The fact has been already referred to that the House of Lords, the court of last resort in Great Britain, decided that the United Free Church did not acquire right in the property of the denomination and gives title to all to what is termed "The 'Wee' Free Church," which still holds fast to the original creed, refusing modification necessary to union with others. The House of Lords as a court decided that the moneys and properties accumulated for centuries for the propagation of a special faith or creed should not be diverted at the wish of any majority, however large. Doubtless this will be a spoke in the wheel of Church Union and turn the attention more to federation as easier, quicker and less hazardous.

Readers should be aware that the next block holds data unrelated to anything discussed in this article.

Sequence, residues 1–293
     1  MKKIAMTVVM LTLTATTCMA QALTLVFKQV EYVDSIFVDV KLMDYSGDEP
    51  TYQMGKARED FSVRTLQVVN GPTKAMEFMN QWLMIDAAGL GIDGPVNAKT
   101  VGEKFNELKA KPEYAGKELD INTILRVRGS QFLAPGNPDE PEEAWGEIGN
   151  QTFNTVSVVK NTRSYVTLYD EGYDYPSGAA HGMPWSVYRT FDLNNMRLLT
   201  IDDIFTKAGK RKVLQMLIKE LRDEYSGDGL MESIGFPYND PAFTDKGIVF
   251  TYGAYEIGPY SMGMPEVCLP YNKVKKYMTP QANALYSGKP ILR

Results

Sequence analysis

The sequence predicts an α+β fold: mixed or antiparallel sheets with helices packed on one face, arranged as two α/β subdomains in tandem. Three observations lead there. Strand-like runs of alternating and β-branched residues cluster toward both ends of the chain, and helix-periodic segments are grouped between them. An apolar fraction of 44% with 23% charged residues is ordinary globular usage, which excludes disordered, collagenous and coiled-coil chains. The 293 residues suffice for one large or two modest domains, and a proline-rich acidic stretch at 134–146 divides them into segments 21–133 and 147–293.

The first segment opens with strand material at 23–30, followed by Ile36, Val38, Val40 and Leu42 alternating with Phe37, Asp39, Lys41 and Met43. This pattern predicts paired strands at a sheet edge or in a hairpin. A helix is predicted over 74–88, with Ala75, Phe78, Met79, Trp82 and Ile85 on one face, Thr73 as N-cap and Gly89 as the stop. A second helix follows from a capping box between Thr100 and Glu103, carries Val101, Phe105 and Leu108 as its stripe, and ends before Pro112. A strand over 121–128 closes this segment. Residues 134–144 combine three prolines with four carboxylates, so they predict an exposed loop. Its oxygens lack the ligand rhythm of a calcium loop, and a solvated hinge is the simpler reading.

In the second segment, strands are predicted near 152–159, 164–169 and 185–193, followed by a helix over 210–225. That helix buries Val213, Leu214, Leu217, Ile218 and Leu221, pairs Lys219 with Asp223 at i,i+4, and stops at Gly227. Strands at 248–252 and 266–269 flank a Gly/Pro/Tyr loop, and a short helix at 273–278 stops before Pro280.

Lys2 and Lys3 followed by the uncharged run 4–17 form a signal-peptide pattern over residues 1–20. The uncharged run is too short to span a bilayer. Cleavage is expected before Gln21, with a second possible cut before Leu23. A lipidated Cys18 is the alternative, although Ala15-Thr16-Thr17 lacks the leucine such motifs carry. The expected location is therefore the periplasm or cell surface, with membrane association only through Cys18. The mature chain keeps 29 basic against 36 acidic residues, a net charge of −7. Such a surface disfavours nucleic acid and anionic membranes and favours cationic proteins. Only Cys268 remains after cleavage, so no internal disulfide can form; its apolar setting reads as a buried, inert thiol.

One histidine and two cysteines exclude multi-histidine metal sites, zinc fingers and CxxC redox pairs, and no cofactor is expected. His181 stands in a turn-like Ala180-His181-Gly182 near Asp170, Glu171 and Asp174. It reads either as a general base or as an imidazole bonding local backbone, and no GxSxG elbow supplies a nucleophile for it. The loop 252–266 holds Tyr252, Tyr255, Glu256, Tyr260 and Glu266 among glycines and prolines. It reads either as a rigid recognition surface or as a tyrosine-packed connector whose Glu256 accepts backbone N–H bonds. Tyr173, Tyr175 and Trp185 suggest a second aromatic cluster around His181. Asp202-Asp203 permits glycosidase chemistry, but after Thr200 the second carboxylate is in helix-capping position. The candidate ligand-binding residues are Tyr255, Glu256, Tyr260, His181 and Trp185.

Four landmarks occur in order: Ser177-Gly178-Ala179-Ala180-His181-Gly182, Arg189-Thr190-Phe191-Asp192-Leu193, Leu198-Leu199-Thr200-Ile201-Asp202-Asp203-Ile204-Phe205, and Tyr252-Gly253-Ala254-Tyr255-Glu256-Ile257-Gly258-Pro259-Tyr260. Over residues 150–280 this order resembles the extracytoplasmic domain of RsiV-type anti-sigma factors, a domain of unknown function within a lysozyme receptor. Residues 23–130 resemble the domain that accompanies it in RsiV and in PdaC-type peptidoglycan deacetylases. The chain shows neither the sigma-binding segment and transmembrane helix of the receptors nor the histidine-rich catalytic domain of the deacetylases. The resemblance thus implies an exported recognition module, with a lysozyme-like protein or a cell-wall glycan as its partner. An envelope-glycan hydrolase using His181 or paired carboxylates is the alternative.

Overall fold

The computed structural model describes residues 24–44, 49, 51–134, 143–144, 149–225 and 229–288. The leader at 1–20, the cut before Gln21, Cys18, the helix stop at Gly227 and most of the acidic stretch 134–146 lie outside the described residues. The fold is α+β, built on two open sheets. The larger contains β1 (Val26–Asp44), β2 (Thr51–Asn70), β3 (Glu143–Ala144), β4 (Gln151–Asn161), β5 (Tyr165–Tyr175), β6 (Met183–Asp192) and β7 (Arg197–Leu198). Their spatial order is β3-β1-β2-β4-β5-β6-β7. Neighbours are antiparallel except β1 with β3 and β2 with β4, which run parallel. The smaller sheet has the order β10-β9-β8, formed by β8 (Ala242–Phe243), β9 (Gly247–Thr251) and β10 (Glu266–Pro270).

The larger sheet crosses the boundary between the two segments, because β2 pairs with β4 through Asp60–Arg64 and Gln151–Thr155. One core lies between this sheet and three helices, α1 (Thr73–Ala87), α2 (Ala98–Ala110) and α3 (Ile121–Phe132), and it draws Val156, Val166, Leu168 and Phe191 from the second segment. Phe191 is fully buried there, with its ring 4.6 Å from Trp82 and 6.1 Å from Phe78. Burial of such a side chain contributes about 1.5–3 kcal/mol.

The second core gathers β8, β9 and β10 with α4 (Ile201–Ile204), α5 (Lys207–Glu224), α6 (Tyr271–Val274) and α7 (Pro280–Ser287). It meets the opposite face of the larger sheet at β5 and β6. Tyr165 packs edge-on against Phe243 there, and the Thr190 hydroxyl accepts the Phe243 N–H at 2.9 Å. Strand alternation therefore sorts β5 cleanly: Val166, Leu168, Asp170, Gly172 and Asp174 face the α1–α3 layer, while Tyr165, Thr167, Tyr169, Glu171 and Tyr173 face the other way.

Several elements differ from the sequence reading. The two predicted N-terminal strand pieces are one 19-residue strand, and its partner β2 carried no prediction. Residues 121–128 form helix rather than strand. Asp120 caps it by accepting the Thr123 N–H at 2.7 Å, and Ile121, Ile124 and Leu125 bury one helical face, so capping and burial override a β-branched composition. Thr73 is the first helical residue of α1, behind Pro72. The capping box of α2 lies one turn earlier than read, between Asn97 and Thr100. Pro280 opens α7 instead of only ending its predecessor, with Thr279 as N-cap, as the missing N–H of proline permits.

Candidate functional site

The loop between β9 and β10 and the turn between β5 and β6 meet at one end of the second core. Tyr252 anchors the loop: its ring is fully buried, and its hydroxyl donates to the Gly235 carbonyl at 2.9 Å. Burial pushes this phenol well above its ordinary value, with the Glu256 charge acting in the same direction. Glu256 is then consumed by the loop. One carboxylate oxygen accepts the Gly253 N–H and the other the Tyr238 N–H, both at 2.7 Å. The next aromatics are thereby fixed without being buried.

How this matter marks the error of all the denominational creed fencings! None of them are of such a size as to permit all true Christians and only such to stand upon them. A writer in the Independent Review truly says: "The pious citizen of Antioch who lent his house for the assembling together of [R3488 : page 20] those first called Christians would be much startled could he see and hear the mass as it is performed today either in St. Peter's, Rome, or St. Paul's, London." The Duke of Argyle remarks that thus the recent decision affects "all British churches that do not by their constitution formally allow their members to 'agree to differ,' a liberty seldom given to churches in words, though nearly always practised in action." A writer in The Contemporary Review sees the error of present creedal methods, but evidently does not see that the Apostolic Church was free and different in these respects. He says:—"The position of all churches which use or acknowledge doctrinal standards or maintain a collective policy is affected by the judgment. They are told, in effect, that the law does not recognize churches where property is concerned, but only beneficiaries under a trust, powerless to alter its terms, incapable of declaring the purposes for which they exist, restrained from taking any step which may even be held by a civil court to involve a change of doctrine. Churches that exist on such terms, bound to the intellectual methods of the past, forbidden under ruinous penalties to think out the issues of Christian faith for themselves, place themselves, surely, in a position of fatal inferiority and disability."